“¢ Best Wood Carvings: The Marquesas
“¢ Best Yogurt: Mami Nova brand (we found in Tahiti, imported from France)
“¢ Cleanest Fuel: Thursday Island, Australia
“¢ Days on land/days at sea: 141/70 = 33% time at sea
“¢ Deepest anchorage: 100 feet in Bay of Virgins, Fatu Hiva, French Polynesia
“¢ Deepest dive Christi: 130 feet in Luganville, Vanuatu
“¢ Deepest Dive Eric: 102 feet in Niue
“¢ Favorite Dive Spot: Fakarava, French Polynesia
“¢ Friendliest People: Niue
“¢ Least expensive destination: Timor, Indonesia
“¢ Longest passage at sea: 21 days from San Diego to Nuka Hiva, French Polynesia
“¢ Most amazing land destination: active volcano in Tanna, Vanuatu (found in blog under Efate)
“¢ Most boats in a single anchorage: Tahiti, French Polynesia
“¢ Most expensive destination: Bora Bora, French Polynesia
“¢ Most expensive fuel: Cairns, Australia
“¢ Most frustrating check in/check out experience: Fiji (we were unlucky. Most have no issues)
“¢ Most remote from civilization: Suwarrow, Cook Islands
“¢ Most Unique Land Animals: Tropical Dome, Cairns, Australia
“¢ Restaurant with best value for the quality: Chef’s in Nadi, Fiji
“¢ Restaurant with worst value for the dollar: Hotel Bora Bora, Bora Bora, French Polynesia
“¢ Scariest Event: Getting the anchor stuck on the sunken sailboat in Apataki, French Polynesia
“¢ Shallowest anchorage: 10 feet in Moorea, French Polynesia
“¢ Strongest winds: 39 knots during a squall on passage from Australia to Indonesia
“¢ Total distance traveled: 9,959 Nautical Miles (11,452 statute miles, 18,320 Kilometers)
“¢ Total engine hours: 1676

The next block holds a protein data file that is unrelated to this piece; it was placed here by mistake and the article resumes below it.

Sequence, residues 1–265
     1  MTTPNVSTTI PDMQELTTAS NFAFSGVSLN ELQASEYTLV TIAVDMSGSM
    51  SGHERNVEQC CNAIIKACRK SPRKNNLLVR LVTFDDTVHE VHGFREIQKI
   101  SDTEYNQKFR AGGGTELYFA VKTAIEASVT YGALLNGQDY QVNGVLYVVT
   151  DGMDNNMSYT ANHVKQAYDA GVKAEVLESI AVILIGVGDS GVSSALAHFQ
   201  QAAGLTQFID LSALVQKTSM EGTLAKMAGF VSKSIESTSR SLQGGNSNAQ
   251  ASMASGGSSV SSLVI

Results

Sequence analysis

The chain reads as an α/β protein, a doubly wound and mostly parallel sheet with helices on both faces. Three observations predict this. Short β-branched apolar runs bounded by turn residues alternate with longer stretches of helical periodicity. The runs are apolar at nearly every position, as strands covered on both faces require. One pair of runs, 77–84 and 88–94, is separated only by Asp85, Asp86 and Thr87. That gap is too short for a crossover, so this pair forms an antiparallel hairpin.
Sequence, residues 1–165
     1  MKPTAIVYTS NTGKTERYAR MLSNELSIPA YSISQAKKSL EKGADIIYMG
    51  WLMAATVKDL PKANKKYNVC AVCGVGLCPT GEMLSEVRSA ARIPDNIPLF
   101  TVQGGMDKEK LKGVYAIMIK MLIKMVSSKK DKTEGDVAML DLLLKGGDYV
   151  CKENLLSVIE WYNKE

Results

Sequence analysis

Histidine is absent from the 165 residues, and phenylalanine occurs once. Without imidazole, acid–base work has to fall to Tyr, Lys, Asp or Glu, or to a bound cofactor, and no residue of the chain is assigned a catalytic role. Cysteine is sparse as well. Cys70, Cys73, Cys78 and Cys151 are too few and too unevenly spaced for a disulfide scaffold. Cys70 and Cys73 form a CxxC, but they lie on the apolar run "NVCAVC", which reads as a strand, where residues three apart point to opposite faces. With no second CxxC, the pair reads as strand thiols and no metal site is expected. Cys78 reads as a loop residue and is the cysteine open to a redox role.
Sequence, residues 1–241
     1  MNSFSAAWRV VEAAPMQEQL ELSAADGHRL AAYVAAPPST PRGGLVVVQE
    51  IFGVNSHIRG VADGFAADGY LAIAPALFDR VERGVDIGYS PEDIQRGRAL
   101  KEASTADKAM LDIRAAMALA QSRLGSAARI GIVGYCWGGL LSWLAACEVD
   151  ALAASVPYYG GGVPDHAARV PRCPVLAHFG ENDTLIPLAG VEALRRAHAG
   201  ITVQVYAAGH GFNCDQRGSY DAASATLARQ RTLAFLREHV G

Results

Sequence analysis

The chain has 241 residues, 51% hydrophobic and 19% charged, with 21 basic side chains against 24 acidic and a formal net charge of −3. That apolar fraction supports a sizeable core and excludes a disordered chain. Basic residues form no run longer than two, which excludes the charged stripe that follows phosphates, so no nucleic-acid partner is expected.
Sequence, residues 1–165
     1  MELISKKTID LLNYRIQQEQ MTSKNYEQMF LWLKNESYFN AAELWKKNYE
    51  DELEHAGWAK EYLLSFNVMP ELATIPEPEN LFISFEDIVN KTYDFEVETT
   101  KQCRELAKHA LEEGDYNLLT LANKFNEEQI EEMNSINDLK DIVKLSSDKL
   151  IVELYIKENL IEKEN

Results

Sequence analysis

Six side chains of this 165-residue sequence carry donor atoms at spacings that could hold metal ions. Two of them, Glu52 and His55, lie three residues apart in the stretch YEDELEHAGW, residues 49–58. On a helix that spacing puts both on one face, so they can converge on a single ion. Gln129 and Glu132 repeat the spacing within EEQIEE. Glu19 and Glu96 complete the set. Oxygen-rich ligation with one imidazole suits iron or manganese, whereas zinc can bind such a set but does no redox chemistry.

“¢ Total generator hours: 767
“¢ Worst seas: Suwarrow to Niue passage (waves as high as 14 feet not fun!)

It will be very interesting to see what 2008 has in store for us. We hope it is just as good or even better than our wonderful 2007.

Travel Summary April 2007 to December 2007

United States of America to Australia

The maps show the approximate route Kosmos has made. These are straight “point to point” lines, and necessarily our exact path. For example we headed a bit more south on our first passage than the line shows.

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  • Dana Point, California, USA
    W117°41, N33-27
    Feb 27 – May 20, 2006
    commissioning process
  • Ensenada, Baja California, Mexico
    W116-37, N31-51
    May 20 – Sep1, 2006
  • San Diego, California, USA
    W117-14, N32-42
    Sep 1, 2006 – Apr 28, 2007
    Trip to Catalina Island
  • Taiohe, Nuka Hiva, Marquesas Islands, French Polynesia
    W140-6, S8-55
    May 19 – Jun 1, 2007
    Island tour, horseback riding, Marquesan Feast
  • Anaho, Nuka Hiva, Marquesas Islands, French Polynesia
    W140-05, S8-50
    Jun. 1 – Jun.3 & Jun 27, 2007
    Hiking, swimming with dolphins
  • Fatu Hiva, Marquesas Islands, French Polynesia
    W138-40, S10-27
    Jun. 4 – Jun. 6 & Jun 28, 2007
    Hike to waterfall
  • Manihi, Tuomotu Islands, French Polynesia
    W146-02, S14-28
    Jun 9 – Jun. 19 & Jun. 29 – Jul. 1, 2007
    SCUBA diving, hiking
  • Apataki, Tuomotu Islands, French Polynesia
    W146-25, S15-20
    Jun. 19 – Jun. 25 & Jul. 2 & Jul. 6, 2007
    Kosmos stuck on a sunken sailboat, hiking, snorkeling
  • Noth Fakarava, Tuomotu Islands, French Polynesia
    W145-49, S16-04
    Jul 6 – Jul 19, 2007
    SCUBA diving, bike ride around island
  • South Fakarava, Tuomotu Islands, French Polynesia
    W145-24, S16-30
    Jul 19 – Jul 24, 2007
    Snorkeling
  • Tahiti, Society Islands, French Polynesia
    W149-38, S17-33
    Jul 25 – Aug. 6 & Aug. 10, 2007
    Heiva cultural festival, island tour
  • Moorea, Society Islands, French Polynesia
    W149.51, S17.29
    Aug 6 – Aug. 10, 2007
    Island tour, snorkeling
  • Tahaa, Society Islands, French Polynesia
    W151.20, S16.35
    Aug 14 – 16, 2007
    Island tour, snorkeling
  • Bora Bora, Society Islands, French Polynesia